Everything in life is a balancing act, and that can make decisions difficult. If money is involved, it brings in another dimension – if I buy an EV, will the extra cost payback? Over what time? What is the value of saving CO2 emissions? Which model has the best residual value? Deciding factors might be subjective and dynamically change, but when you are selecting a semiconductor in the design of an EV power converter, you would hope it’s a bit more scientific.
If you have made a wise choice and decided on using wide band-gap SiC FETs from UnitedSiC, the trade-offs are there to consider – number and rating of parallel devices, switching frequency, operating mode, efficiency target, acceptable junction temperature rise, apportioning of conduction and switching loss, and cost, to name a few. The choices are often narrowed down by external factors: for example, a totem-pole power factor correction stage at say 3.6kW, used in an EV charger, will typically generate 400V and operate around at 60kHz with around 20% inductor ripple current in continuous conduction mode. Given these conditions, 750V SiC FETs in the ‘fast’ leg are an excellent choice for their low losses and are available down to 6 milliohms on-resistance.. In real life, cost is always an issue, so can we trade off some losses for a lower cost part? UnitedSiC makes this easy to evaluate with the online FET-JET Calculator which allows selection from a wide range of power conversion topologies and operating conditions, calculating switching and conductor losses, and temperature rises for different devices. Numbers of paralleled parts can be selected and the heatsink performance specified.
To give the widest choice of options, UnitedSiC has made the Gen 4 750V devices available at a variety of on-resistance performance points, eight in total, from 6 to 60 milliohms. Plugging the most relevant of these into the FET-JET Calculator with our chosen conditions gives the plot below, with some interesting results.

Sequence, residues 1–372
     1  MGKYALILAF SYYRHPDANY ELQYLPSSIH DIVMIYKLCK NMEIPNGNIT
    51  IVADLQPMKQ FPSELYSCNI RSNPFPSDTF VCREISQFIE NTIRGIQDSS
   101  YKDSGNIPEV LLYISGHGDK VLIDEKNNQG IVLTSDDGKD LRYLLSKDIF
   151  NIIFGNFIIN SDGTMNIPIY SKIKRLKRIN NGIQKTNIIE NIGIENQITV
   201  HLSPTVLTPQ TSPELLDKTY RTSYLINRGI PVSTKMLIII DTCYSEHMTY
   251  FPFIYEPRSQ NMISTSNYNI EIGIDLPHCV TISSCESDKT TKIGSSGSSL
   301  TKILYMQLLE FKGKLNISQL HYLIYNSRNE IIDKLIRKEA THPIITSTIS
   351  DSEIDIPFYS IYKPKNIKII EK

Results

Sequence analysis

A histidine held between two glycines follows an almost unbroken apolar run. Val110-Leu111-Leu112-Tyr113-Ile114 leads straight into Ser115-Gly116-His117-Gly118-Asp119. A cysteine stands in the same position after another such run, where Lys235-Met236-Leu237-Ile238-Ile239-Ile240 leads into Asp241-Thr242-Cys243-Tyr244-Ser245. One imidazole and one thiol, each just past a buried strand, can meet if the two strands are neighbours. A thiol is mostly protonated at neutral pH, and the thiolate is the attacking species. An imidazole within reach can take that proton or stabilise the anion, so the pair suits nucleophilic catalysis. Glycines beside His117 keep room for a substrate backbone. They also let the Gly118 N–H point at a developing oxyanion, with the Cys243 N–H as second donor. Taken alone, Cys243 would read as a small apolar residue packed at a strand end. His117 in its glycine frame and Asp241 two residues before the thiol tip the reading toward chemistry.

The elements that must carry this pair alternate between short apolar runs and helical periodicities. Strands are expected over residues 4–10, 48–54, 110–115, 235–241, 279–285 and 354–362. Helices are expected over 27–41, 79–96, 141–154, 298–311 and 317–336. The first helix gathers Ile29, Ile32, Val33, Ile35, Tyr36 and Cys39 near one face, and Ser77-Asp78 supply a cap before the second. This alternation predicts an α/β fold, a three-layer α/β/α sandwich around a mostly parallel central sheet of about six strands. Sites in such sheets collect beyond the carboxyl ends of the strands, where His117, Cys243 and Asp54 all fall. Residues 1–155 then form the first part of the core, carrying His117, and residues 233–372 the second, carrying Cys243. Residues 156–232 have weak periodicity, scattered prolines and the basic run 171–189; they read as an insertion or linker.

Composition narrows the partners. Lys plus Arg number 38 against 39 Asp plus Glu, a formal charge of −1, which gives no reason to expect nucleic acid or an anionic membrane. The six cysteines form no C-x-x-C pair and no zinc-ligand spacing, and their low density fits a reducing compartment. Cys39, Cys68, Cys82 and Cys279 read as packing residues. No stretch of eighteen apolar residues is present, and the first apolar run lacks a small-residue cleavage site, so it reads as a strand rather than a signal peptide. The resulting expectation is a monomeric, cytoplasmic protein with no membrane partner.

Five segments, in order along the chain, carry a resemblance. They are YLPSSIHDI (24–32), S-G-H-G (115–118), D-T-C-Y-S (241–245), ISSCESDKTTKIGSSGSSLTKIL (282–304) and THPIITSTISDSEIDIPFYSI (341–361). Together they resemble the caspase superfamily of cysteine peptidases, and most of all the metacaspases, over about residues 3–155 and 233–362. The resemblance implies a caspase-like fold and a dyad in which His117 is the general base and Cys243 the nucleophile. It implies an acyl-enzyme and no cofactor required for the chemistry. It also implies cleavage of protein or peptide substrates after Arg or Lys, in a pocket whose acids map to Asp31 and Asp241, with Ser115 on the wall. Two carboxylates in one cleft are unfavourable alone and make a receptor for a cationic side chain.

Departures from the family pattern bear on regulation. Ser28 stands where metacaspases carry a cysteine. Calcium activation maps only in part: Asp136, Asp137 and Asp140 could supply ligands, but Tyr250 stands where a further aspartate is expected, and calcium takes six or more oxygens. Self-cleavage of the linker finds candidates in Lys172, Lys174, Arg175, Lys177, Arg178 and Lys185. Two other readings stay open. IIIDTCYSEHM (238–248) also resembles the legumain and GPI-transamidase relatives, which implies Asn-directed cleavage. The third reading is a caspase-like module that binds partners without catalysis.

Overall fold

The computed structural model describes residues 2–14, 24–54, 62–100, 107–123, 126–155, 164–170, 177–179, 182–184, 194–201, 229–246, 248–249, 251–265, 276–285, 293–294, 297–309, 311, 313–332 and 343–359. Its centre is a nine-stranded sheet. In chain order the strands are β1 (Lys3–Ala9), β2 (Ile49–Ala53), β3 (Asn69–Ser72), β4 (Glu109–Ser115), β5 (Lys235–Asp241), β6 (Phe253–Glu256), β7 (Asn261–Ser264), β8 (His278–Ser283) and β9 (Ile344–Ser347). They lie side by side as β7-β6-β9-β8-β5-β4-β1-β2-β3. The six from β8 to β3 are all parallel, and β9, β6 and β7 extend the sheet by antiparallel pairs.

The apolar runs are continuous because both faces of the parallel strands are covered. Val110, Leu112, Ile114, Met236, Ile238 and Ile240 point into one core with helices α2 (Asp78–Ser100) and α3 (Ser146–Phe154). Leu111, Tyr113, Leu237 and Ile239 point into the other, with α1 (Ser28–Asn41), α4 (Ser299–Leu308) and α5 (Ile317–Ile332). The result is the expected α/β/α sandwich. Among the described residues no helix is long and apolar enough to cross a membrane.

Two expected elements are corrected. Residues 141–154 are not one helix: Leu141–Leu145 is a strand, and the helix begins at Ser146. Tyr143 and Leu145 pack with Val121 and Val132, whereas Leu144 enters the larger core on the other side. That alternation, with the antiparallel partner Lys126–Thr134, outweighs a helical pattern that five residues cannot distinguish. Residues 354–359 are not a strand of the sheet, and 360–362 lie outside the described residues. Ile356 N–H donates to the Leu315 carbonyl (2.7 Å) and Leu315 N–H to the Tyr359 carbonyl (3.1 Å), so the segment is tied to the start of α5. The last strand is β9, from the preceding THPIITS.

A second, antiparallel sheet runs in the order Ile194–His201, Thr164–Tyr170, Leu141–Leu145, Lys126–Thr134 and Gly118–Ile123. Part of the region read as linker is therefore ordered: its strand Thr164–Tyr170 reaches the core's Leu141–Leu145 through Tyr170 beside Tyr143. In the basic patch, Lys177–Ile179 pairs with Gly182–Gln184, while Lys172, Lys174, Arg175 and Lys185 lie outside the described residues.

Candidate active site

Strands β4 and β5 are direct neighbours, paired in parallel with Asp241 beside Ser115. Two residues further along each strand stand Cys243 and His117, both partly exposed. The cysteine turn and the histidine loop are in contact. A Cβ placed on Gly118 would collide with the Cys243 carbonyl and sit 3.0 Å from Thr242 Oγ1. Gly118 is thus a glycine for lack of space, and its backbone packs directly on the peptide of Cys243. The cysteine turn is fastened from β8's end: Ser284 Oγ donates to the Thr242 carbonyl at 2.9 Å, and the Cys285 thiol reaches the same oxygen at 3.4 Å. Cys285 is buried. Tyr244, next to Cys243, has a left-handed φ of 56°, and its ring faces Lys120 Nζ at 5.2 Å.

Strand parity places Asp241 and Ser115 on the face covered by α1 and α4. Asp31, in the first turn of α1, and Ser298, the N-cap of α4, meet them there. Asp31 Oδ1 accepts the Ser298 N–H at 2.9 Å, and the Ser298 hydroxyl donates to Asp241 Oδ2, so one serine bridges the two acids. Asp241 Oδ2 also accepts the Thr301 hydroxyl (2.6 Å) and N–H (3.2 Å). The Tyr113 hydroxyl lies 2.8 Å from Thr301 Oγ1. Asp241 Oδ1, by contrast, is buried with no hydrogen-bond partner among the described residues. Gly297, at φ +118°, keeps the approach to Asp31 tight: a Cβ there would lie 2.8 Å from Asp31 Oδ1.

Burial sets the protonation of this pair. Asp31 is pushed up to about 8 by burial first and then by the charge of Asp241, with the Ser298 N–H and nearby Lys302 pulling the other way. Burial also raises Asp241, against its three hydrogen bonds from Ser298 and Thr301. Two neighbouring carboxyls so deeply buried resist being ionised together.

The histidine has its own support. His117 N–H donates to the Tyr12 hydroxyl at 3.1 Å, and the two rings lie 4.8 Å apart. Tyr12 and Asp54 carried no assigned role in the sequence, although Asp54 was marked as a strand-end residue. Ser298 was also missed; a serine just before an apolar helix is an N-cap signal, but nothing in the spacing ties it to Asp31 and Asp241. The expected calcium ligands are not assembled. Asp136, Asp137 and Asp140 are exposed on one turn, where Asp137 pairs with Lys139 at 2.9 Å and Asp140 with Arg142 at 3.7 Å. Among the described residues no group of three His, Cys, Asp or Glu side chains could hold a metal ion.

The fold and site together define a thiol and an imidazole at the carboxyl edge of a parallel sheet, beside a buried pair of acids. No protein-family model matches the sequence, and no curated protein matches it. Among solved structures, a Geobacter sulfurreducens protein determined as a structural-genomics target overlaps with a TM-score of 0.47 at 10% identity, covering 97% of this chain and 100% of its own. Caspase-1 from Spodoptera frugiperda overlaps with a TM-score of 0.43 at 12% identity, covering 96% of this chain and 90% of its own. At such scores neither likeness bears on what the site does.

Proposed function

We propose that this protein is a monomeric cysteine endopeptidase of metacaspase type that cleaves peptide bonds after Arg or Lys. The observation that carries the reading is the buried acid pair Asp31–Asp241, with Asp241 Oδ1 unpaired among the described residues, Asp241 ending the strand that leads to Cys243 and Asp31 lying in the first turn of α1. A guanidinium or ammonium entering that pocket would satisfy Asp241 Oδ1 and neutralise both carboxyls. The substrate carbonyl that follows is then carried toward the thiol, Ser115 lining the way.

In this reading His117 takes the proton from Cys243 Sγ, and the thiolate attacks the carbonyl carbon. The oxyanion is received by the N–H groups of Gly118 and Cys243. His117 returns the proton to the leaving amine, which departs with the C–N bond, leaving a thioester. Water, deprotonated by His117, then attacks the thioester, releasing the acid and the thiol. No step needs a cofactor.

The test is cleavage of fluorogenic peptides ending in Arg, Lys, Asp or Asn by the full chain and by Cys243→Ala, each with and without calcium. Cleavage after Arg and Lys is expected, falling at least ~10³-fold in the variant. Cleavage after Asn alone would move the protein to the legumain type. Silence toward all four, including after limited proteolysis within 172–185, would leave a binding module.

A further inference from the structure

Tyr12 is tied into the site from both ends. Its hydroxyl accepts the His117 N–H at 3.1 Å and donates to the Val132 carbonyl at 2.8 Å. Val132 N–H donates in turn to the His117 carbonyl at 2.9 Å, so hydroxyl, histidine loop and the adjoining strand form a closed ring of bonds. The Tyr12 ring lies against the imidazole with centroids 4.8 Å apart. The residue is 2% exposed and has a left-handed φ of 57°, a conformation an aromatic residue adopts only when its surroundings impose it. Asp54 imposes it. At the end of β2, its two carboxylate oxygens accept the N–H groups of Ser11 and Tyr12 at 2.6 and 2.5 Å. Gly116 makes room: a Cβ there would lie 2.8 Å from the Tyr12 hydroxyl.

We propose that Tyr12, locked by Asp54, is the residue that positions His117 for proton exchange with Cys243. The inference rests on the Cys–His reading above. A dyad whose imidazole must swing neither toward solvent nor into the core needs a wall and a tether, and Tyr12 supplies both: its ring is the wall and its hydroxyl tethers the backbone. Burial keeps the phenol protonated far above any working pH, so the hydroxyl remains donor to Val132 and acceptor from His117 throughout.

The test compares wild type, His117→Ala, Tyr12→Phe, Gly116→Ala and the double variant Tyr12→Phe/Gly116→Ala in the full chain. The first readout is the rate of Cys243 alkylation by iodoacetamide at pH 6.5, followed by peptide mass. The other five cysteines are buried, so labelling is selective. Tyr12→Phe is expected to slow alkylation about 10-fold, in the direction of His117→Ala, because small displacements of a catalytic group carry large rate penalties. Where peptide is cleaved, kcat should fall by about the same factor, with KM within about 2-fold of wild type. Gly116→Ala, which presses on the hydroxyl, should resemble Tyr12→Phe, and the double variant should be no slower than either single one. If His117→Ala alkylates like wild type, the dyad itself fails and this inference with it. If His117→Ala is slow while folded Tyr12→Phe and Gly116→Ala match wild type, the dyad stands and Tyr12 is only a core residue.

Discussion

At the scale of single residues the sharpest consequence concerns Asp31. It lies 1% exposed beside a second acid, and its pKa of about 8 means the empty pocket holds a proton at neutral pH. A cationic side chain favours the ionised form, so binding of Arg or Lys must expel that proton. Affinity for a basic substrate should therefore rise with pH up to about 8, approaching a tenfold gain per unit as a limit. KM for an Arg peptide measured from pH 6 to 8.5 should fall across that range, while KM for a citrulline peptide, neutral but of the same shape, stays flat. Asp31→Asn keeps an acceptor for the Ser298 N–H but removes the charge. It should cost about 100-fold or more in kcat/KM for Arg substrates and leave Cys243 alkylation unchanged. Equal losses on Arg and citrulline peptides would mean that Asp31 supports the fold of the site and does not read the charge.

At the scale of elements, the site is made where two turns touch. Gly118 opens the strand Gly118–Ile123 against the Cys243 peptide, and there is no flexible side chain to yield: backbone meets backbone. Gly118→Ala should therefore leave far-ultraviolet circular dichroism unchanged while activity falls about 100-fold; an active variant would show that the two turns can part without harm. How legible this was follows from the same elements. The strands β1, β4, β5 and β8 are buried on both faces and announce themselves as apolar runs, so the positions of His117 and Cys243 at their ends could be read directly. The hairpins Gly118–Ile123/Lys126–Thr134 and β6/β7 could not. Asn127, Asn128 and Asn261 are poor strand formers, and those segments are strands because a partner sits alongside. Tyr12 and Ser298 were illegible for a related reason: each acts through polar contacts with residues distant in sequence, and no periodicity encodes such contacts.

Moving from an 18-milliohm (UJ4C075018K4S) to a 23-milliohm device (UJ4C075023K4S) shows no efficiency decrease, because although conduction loss has increased, switching loss has decreased more. There is however a device cost saving of 20% over the lower resistance part. Perhaps the 33-milliohm part (UJ4C075033K4S) is a good choice, dropping efficiency by 0.1%, dissipating 36W more, but with better than 40% reduction in the switch cost. Junction temperature increases by around 6°C for the same heatsinking but is still only about 102°C. The 60-milliohm part (UJ4C075060K4S) is less than half the cost of the best SiC FET considered, for the penalty of 22W extra dissipation and a junction temperature of 122°C. Better heatsinking can be considered for a cost trade-off with device type and temperature rise, but the extra size and weight is a down-side in EV applications.
Other options can be considered, if two of the 60 milliohm types are paralleled, the total resistance can be cut in half, while adding switching loss but cutting the overall thermal resistance, resulting in a lower junction temperature rise and a lower increase in temperature-dependent on-resistance. The FET-JET Calculator is your friend here – try multiple devices at the different on-resistance levels and heatsink options. You may even find a tipping point where the lowest loss combination with the higher cost devices actually reduces heatsinking to the level where liquid cooling could be eliminated, for example, outweighing the extra switch cost by far.
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